The alpha functional diversity indices (functional richness, functional evenness, functional divergence and functional dispersion) fluctuated with wide ranges in the PRE (Table 1). The mean values of the alpha functional diversity indices of the demersal fish community in summer were generally higher than those in winter (Table 1). Functional richness indices were significantly low in winter, which indicated that the functional trait space of the demersal fish community was small in winter. The functional richness increased in summer with the increase of abundance and richness of species. According to the sensitivity analyses (Figure S2), our findings on the trends of the functional diversity are robust in the PRE.The mean functional diversity of the demersal fish community was low across all the surveys in the PRE (Figure 5). The mean functional redundancy of the demersal fish community was high in the PRE (Figure 5), indicating that many species in this region showed similar functional traits. The functional diversity and the functional redundancyof the demersal fish community in the PRE were characterized by a typical seasonal pattern. The abundance and richness of species increased during the summer fishing moratorium in the South China Sea in 2021. However, there was no significant difference in the functional diversity of the demersal fish community in the PRE during the summer fishing moratorium of 2021 and out of the fishing moratorium in the summer of 2020. On the contrary, the mean functional redundancy decreased in the summer of 2021 during the summer fishing moratorium, showing a mismatch with the increase of the abundance and richness of species. The trends of abundance and richness of species in and out of the fishing moratorium indicate that the summer fishing moratorium in the South China Sea does benefit some demersal fish species. Nevertheless, for the functional diversity of the demersal fish community, there is no significant benefits from the fishing moratorium.
Figure 5 Variations in the functional diversity (FD) and functional redundancy (FR) indices of the demersal fish communities in the PRE.
Based on the multivariate analyses and the statistical tests, the sampling sites were separated into the summer cluster and the winter cluster in the PRE. The abundance, richness of fish species and the composition of the demersal fish community in the PRE change dynamically in summer and winter. The temperature of the bottom water is significantly associated with the functional traits of the demersal fish community. Since our surveys are limited to 2020-2021, the change in water temperature mainly represents the seasonal changes in these two years. However, our findings suggest that temperature is an important factor shaping demersal fish communities in the PRE. Thus, the past and future ocean warming in the South China Sea region are likely to impact the PRE fish community (Cheung et al., 2013; Cheung et al., 2016). The PRE is an important fish breeding ground in the Chinese coastal areas. The seasonal fluctuation of the water temperature could affect the species’ reproduction processes that impact fish communities beyond the PRE (Jia et al., 2005). Previous studies also demonstrated that ocean warming would be the main threat to the fish communities and fishery resources in the PRE in the next decades (Zeng et al., 2019). Continuous surveys in the future can provide time-series data that help understand the influences of inter-annual changes of water temperature on the fish communities in the PRE.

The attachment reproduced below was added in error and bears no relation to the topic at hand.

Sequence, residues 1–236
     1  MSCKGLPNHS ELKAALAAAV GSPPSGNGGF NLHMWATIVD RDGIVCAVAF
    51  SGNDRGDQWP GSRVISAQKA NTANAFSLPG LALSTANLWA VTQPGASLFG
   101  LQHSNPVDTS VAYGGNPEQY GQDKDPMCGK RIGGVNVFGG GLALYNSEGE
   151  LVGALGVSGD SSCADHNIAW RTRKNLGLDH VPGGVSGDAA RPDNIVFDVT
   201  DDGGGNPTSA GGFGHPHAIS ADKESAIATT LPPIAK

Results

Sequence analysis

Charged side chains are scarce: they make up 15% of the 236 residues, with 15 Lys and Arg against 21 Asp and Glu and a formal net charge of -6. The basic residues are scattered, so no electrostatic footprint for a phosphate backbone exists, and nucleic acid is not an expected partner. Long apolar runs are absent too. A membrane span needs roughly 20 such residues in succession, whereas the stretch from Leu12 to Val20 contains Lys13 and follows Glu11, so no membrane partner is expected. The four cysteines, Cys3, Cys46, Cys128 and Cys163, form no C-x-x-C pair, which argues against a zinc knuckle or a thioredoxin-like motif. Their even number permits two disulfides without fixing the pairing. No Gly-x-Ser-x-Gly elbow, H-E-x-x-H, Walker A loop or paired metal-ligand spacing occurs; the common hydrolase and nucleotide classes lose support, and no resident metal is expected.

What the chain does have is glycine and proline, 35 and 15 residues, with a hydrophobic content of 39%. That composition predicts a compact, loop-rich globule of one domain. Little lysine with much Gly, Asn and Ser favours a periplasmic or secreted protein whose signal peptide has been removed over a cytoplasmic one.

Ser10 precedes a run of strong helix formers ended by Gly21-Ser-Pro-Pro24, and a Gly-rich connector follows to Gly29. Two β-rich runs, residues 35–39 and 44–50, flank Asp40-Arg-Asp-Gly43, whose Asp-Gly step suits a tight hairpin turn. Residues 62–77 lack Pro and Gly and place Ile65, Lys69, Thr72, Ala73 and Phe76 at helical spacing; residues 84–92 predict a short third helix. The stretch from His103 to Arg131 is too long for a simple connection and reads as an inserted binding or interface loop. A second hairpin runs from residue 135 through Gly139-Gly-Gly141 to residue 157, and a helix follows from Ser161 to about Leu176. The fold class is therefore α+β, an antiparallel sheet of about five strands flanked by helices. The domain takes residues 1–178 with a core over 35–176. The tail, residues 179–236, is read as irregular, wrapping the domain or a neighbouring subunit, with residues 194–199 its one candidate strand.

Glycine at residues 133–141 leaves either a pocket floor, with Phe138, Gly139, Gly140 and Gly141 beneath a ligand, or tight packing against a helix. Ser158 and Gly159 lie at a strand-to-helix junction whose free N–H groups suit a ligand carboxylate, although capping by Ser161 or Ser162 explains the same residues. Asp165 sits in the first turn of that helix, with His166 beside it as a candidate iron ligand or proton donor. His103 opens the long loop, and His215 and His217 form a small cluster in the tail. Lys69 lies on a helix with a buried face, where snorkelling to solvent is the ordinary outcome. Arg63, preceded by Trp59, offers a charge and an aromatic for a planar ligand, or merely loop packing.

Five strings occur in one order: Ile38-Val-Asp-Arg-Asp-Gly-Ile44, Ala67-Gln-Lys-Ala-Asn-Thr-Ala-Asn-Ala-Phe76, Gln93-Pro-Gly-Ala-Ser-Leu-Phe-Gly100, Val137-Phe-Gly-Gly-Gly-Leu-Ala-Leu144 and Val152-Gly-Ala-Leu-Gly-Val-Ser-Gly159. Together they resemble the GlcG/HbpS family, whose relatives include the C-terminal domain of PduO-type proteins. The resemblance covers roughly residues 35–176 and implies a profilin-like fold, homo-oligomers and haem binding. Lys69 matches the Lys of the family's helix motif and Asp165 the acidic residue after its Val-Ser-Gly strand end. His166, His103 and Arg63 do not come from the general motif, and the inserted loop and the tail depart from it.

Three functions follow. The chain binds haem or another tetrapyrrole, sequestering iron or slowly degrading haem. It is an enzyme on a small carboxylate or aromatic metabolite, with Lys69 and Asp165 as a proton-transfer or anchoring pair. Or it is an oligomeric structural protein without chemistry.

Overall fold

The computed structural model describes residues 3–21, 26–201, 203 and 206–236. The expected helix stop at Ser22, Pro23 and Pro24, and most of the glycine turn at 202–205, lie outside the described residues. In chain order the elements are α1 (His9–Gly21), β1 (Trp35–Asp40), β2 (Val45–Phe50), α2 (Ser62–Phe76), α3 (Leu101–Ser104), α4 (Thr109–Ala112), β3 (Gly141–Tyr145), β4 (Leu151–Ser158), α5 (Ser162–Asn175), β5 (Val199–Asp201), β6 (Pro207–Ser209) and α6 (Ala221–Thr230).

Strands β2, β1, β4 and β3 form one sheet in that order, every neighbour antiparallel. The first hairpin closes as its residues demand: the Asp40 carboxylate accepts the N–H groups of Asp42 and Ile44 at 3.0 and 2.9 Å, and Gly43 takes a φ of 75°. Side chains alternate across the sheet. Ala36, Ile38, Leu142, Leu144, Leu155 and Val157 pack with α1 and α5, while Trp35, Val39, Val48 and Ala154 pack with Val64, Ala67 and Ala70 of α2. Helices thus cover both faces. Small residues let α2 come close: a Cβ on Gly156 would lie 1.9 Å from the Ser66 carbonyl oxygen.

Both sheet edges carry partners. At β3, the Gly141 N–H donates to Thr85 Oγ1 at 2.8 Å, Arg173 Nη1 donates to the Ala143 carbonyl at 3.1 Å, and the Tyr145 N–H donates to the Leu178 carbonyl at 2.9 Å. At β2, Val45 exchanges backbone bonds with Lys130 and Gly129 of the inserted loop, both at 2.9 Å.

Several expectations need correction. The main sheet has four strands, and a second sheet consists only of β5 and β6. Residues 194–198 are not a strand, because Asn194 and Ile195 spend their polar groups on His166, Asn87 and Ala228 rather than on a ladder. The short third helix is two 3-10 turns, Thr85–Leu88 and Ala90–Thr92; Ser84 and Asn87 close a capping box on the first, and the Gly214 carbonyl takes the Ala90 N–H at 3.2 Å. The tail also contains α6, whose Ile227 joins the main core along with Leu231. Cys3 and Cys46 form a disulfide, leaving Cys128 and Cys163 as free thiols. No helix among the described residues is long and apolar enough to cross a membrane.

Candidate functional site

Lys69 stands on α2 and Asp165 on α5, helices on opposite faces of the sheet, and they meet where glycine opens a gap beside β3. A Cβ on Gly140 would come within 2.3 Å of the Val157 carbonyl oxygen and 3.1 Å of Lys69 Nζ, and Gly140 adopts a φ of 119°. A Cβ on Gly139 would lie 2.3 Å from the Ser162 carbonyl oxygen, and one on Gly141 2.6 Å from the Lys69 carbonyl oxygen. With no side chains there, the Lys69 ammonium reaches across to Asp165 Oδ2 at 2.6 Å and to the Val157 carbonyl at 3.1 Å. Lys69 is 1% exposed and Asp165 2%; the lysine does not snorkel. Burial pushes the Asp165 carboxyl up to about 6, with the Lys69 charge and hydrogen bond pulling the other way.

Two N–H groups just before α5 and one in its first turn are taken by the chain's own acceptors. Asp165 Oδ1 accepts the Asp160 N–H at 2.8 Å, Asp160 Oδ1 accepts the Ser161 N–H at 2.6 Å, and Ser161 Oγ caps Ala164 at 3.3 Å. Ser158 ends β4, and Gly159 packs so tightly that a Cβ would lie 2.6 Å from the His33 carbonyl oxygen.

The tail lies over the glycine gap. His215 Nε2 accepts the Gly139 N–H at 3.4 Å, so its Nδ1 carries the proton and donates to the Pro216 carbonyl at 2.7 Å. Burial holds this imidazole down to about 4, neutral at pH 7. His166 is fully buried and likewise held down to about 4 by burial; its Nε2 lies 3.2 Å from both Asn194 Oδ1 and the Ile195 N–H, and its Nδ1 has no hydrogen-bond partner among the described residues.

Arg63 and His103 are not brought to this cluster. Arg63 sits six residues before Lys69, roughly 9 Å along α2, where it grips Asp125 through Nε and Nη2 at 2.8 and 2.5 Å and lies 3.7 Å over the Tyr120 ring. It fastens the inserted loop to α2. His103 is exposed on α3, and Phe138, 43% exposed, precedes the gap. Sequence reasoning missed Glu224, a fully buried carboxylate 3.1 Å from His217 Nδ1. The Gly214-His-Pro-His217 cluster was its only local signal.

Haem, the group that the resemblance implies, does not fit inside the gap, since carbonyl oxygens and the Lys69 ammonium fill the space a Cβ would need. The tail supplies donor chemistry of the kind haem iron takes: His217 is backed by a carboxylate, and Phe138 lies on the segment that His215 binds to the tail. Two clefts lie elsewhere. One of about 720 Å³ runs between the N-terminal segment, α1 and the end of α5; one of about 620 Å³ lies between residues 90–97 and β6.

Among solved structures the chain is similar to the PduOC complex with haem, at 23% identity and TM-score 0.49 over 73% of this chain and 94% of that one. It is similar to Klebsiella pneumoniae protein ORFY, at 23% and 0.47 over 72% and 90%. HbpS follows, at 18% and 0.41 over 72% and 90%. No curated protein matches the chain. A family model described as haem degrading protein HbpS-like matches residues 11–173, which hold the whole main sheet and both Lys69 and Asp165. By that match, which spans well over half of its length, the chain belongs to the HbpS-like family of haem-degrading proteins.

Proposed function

Hypoxia in coastal waters impacts the fish community compositions by changing their distributions and abundances all around the world (Breitburg et al., 2018). During our survey period in the summer of 2021, there were serious hypoxia processes in the PRE. In some hypoxia sites, the abundance and richness of the demersal fish did not reduce, while the abundance and richness of the demersal fish reduced sharply in other hypoxia sites such as in the C19, no fish being found. Hypoxia affects the physiological and ecological processes of species, then reduces species distribution in ecosystems (Wu, 2002; Vaquer-Sunyer and Duarte, 2008; Seibel, 2011; Hughes et al., 2015). Fish species of high tolerance to hypoxia can expand their distributions in the hypoxic areas. Furthermore, hypoxia can alter the predator-prey relationship and foraging dynamics of fish communities, so some species can benefit from decreasing the predation risks of hypoxia progress (Chan et al., 2008; A. A. Keller et al., 2010; A. A. Keller et al., 2015). Zeng et al. (2019) pointed out that the DO decrease was an important potential factor to the ecosystem and fishery resources in the PRE. The fish species and functional groups in the PRE have different sensitivity to the DO change. The impacts of the hypoxia on the demersal fish in the PRE are complicated and vary among species and locations.According to the insurance hypothesis, the functional redundancy of communities provides communities with a buffer against the impacts of environmental variables, for many species perform similar functions in communities (Sanders et al., 2018). There would be potential declines in the functional diversity, following the loss of species in ecosystems with little functional redundancy among species (Guillemot et al., 2011; Mouillot et al., 2014). In the PRE, the average functional redundancy of the sampling sites was high, while the average functional diversity was low across the three surveys. The abundance and richness of the demersal fish increased during the summer fishing moratorium in 2021, but the functional diversity of the demersal fish community did not significantly change in this period. In the PRE, the high functional redundancy of the demersal fish community may not be able to endure the impacts of environmental changes and anthropogenic pressure with a low functional diversity.Functional diversity and functional redundancy represent the difference and similarity of interspecific functional traits, and affect the ecosystem function through the ecological complementarity and insurance effect, respectively (Yao et al., 2016). However, there is no necessary connection between the higher trait diversity and higher functional redundancy (Mouillot et al., 2013; McLean et al., 2019). Given the low functional diversity and high functional redundancy in the PRE, there would be alternative explanations for the functional redundancy of such highly exploited coastal ecosystems. In the PRE, the high functional redundancy of the demersal fish community might be attributed to the heavy fishing intensity. Anthropogenic stresses on communities may lead to the homogenization of the trait structure of communities to adapt to environmental changes and perturbations (Diaz and Cabido, 2001; Sasaki et al., 2009; Yao et al., 2016). There has been overexploitation of the fish resources for decades in the PRE (Jia et al., 2005; Duan et al., 2009). With the impact of high fishing intensity, the small fish species with short generation and high resilience, which share similar traits, would become the dominant species (Pauly et al., 1998; Ling et al., 2009; Fisher et al., 2010). The compositions of the organismal traits in ecosystems also impact the resistivity of communities to the disturbances (McLean et al., 2019). McLean et al. (2019) found that the increase of the sensitivity of the climatically vulnerable traits (e.g., small, fast-growing species) caused fish communities in the English Channel and Seychelles Islands ecosystem sensitive to climate change (McLean et al., 2019). In the PRE, this kind of apparent insurance provided by the high redundancy with smaller fish species may hide a high vulnerability to the disturbances of environmental variables and fish pressure.Our study is limited by the data collected over two years. It is hard to extend the survey data to long-time series data, since such fish community data in the PRE is scarce and not publicly available. Our study focuses on the seasonal and spatial changes of the taxa, traits and functional diversity of the demersal fish community in the PRE. Although the survey data does not allow us to examine the long-term trends in functional diversity and vulnerability, the observed patterns are valuable to understand the response of the demersal fish community to environmental stresses such as hypoxia in the PRE. Our findings can also contribute to the development of ecosystem models to understand the trophodynamics of the PRE ecosystems and their responses to environmental change (Duan et al., 2009; Zeng et al., 2019). Furthermore, because fishing is the main factor shaping the structure of demersal fish in the PRE, further analysis is needed to find out the effects of the functional redundancy on the stability of the demersal fish community and address the relationship between the functional redundancy and the stability of communities.